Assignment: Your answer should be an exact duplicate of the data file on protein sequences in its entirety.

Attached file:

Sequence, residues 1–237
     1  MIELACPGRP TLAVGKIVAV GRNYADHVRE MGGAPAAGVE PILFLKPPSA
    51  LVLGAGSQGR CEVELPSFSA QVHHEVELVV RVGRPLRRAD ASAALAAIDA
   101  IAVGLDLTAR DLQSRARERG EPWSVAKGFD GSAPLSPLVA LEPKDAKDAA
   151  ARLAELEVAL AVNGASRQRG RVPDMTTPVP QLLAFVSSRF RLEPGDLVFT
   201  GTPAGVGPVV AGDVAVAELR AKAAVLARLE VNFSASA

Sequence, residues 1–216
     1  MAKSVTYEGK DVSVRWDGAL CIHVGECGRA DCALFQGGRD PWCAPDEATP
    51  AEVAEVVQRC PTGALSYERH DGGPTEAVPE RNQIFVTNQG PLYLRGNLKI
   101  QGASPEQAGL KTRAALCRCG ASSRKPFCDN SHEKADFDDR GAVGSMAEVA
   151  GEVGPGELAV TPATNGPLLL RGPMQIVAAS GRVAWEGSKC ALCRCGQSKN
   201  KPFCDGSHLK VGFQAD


Sequence, residues 1–237
     1  MIELACPGRP TLAVGKIVAV GRNYADHVRE MGGAPAAGVE PILFLKPPSA
    51  LVLGAGSQGR CEVELPSFSA QVHHEVELVV RVGRPLRRAD ASAALAAIDA
   101  IAVGLDLTAR DLQSRARERG EPWSVAKGFD GSAPLSPLVA LEPKDAKDAA
   151  ARLAELEVAL AVNGASRQRG RVPDMTTPVP QLLAFVSSRF RLEPGDLVFT
   201  GTPAGVGPVV AGDVAVAELR AKAAVLARLE VNFSASA

Sequence, residues 1–216
     1  MAKSVTYEGK DVSVRWDGAL CIHVGECGRA DCALFQGGRD PWCAPDEATP
    51  AEVAEVVQRC PTGALSYERH DGGPTEAVPE RNQIFVTNQG PLYLRGNLKI
   101  QGASPEQAGL KTRAALCRCG ASSRKPFCDN SHEKADFDDR GAVGSMAEVA
   151  GEVGPGELAV TPATNGPLLL RGPMQIVAAS GRVAWEGSKC ALCRCGQSKN
   201  KPFCDGSHLK VGFQAD